Young Billy Idol, then known as William Michael Albert Broad, was 15 years old when he discovered a new meaning of life in the alley behind a charity shop.

“You’re a virgin, aren't you?” Idol recalled a woman asking in his 2015 memoir Dancing With Myself. “‘No, I've done it before,’ I lied as we walked up the hill for a tumble. … As we went at it, ‘Mony Mony’ by Tommy James and the Shondells was playing on someone’s transistor radio nearby.”

Unsurprisingly, Idol says “that song has always had special significance to me.” But it wasn’t just the warm memories: “From the first time I heard it, I liked Tommy James’s voice, and always thought maybe I could get away with it too.”

“Mony Mony” returned to mind soon after he moved to the U.S. in 1981, leaving his Generation X career behind in a risky bid to reinvent himself. At a meeting with a Chrysalis Records promotions officer, Idol raised the idea of recording a cover version for his next single, although he first discussed classic number “Shout.”

“What I really had in mind was doing a version of ‘Mony Mony’ that would keep them dancing on the floors of the late-night New York clubs I had been frequenting,” he said. “I knew my strategy had worked when he was lukewarm to the idea [of “Shout”], but then got excited when I mentioned ‘Mony Mony.’”

Listen to Tommy James’ Version of ‘Mony Mony’

The label wanted to include the track on his first solo release, an EP to be titled Don’t Stop. “For me, it was a way to get out of the freezing East Coast winter,” Idol added, since the recording sessions would be overseen by producer and drummer Keith Forsey in Los Angeles.

“The plan was to work on the arrangements of the songs in a small rehearsal studio before recording them,” Idol added. “We went through the arrangements of all the songs, but spent the most time on ‘Mony Mony.’”

He was determined to replicate Tommy James rhythm section, which Idol said “sounded like a tape loop,” and that’s why he hired Quiet Riot drummer Frankie Banali and bassist Mick Smiley.

“I had come to realize how important it is to be working with great musicians and talented people,” Idol explained. “Keith and I had agreed that ‘Mony Mony’ should have an R&B feel, so we decided to add some black female background singers. We created a riff for the middle section, where we could put in a vocal arrangement later on.”

Idol also tracked “Baby Talk” and “Untouchables” during the same session. “Not bad for a single day’s work!” he said.

Listen to Billy Idol’s ‘Mony Mony’

Mixing of “Mony Mony” took place during an extended overnight session, where Idol and his colleagues continued to pursue the feel they’d developed – which he described as part R&B, part disco, part techno, part rock and also “all of these ingredients combined into a single sound. It was something I enjoyed doing, and it was a new sound and feel that went together very well with the lyrics and music I was now writing.”

His next step was to “take it back to New York and see what happened.” Idol brought a copy of the song to the Ritz club on a quiet Tuesday night, with almost no one in attendance and almost none of them dancing.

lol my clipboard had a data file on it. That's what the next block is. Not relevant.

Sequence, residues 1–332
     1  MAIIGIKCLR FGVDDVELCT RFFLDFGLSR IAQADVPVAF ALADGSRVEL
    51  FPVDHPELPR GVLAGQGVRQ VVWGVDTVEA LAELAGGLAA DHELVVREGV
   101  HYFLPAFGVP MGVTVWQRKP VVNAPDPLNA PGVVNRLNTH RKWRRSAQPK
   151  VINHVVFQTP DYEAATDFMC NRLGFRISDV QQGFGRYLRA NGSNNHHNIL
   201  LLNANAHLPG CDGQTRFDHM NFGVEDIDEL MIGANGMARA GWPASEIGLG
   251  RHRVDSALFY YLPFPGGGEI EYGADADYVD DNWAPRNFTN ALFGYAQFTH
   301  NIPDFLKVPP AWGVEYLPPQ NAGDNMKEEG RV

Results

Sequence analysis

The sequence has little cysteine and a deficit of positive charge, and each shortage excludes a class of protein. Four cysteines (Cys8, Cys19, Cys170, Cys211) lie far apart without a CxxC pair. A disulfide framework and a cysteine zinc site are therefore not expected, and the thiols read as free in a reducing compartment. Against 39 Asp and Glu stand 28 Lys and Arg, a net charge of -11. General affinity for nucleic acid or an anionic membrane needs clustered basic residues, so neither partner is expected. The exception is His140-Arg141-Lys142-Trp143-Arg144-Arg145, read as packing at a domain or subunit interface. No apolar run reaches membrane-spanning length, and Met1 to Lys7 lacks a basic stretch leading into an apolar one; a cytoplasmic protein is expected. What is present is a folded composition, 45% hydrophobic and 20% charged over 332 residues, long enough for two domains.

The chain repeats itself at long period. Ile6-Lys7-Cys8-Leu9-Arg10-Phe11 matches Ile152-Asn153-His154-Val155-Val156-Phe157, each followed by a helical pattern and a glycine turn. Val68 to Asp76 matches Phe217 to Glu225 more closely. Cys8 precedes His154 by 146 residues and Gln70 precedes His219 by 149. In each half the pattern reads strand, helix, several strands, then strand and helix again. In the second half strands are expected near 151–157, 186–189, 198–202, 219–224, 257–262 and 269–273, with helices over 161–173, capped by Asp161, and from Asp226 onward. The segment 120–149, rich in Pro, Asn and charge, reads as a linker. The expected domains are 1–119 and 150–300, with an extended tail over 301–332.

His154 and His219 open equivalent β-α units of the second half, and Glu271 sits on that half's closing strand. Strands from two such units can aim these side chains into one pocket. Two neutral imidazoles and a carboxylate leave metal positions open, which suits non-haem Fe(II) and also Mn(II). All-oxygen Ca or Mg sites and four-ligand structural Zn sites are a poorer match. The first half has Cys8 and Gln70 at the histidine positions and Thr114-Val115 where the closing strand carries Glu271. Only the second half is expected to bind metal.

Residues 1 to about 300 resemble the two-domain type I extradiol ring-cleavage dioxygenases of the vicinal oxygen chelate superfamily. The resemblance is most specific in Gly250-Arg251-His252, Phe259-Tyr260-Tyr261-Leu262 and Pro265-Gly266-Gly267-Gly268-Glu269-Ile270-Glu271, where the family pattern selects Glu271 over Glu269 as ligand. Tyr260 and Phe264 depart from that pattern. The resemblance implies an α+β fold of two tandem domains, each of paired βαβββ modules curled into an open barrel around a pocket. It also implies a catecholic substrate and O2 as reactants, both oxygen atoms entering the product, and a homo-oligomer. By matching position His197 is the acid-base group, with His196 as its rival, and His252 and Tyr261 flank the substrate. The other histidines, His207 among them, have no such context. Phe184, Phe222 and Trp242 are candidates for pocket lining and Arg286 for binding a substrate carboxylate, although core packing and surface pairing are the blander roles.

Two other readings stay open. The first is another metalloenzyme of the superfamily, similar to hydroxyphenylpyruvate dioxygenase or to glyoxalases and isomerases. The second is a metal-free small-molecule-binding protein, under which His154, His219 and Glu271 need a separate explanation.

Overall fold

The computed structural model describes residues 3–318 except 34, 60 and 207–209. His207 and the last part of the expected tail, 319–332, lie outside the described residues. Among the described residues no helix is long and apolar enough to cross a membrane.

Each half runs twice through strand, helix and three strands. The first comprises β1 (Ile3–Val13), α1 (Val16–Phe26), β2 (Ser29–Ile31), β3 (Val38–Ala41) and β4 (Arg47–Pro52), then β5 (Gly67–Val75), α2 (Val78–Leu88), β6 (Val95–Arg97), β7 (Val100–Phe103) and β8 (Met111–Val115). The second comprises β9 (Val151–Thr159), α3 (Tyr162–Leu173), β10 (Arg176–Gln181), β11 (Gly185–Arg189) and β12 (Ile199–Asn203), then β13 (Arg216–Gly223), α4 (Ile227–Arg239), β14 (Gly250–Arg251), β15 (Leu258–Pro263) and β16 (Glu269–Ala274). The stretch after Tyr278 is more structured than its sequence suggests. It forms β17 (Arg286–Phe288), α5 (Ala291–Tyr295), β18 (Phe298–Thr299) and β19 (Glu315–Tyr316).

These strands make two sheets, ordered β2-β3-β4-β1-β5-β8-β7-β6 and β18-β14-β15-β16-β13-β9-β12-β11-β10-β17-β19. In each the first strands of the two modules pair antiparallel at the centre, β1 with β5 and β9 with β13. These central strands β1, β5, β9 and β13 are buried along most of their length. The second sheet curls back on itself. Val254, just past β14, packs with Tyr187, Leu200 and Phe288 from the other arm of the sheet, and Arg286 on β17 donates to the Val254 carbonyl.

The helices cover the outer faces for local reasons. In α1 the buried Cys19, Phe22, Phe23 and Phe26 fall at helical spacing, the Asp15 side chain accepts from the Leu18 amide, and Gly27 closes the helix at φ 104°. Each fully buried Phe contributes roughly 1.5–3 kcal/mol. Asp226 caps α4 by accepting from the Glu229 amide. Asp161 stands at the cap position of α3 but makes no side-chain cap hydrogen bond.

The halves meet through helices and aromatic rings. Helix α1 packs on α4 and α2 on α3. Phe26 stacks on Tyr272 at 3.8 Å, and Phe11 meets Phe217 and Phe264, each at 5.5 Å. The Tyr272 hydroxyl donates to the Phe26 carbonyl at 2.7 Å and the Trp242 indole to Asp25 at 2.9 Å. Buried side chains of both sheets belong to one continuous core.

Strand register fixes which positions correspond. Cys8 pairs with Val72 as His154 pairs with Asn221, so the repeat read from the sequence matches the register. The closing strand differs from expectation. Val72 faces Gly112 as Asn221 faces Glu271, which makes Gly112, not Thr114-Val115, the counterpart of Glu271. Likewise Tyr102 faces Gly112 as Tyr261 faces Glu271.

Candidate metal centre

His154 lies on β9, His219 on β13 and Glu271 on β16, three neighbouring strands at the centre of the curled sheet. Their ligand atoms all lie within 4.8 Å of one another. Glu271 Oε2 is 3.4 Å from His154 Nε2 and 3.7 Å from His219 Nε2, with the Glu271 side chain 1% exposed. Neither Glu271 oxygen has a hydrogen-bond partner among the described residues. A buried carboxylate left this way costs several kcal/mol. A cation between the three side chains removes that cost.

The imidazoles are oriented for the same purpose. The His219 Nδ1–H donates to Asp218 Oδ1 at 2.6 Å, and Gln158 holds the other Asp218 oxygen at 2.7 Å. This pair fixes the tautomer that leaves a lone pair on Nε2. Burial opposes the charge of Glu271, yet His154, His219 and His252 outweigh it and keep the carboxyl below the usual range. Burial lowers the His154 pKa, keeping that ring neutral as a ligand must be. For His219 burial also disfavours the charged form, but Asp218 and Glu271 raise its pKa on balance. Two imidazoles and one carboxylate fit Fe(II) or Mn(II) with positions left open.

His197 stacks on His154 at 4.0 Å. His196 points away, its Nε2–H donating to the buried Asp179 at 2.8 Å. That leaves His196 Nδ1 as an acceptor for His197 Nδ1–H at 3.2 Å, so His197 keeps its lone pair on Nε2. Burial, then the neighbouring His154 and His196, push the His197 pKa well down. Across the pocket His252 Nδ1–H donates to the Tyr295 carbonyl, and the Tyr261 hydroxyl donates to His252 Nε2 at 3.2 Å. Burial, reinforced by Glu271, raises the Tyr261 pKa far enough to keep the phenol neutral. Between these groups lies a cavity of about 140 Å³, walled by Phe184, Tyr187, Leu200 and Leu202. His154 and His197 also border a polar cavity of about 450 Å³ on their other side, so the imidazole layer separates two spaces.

“I talked to the DJ, a fan of ‘Dancing With Myself,’ and convinced him to give ‘Mony Mony’ a spin. He placed the needle to the vinyl and suddenly, the jaded dancers who had been hugging the wall came to life. Instantly, the dance floor was filled with bodies doing ‘60s moves like the Swim, the Donkey Trot, and the Mashed Potato. Everybody was into it! I had my follow-up to ‘Dancing With Myself’ … and any questions I’d had about my decision to move to America began to fade.”

“Mony Mony” achieved a very respectable No. 7 placing in the fall of 1981 – but the story wasn’t over yet. “My first solo effort was a cool little record,” Idol said of his initial EP. “I was truly on my own, crossing over from one gig to another somehow, without too much of a bump. It didn't take long, and there it was in the New York record bins. The divider label read like a command: BILLY IDOL: DON'T STOP.” Of course, he never did. Then “Mony Mony” returned to mind a few years later.

Watch Billy Idol's Live ‘Mony Mony’ Video

“It was about midway through [a] tour and Mike Bone, the new head of Chrysalis Records, was looking for a way to make an immediate mark,” Idol said, explaining that the exec had always felt the studio version of “Mony Mony” hadn’t received the exposure it deserved.

He was correct: a “more guitar-oriented” version went to No. 1 on Nov. 21, 1987. Incidentally, it knocked another Tommy James song off the top position – pop signer Tiffany’s version of “I Think We’re Alone Now.”

Idol's update of “Mony Mony” appeared on the compilation Vital Idol, which also reached the Top 20. “The luck of the Irish was still with me,” Idol observed, before wryly referring to the issues his career was about to face: “Or was it?”

Meanwhile, his passionate fans had created their own tradition around “Mony Mony,” adding lyrics to complete a cruder rendition that perhaps harked back to Idol’s original encounter. Reports suggested the alternate lyrics (including the line “Hey, say what, get laid, get fucked!”) led to the song being banned at high school dances – but you’ll still hear those lines at Idol concerts. Idol even incorporated them into a third version of the track, released in 2018.

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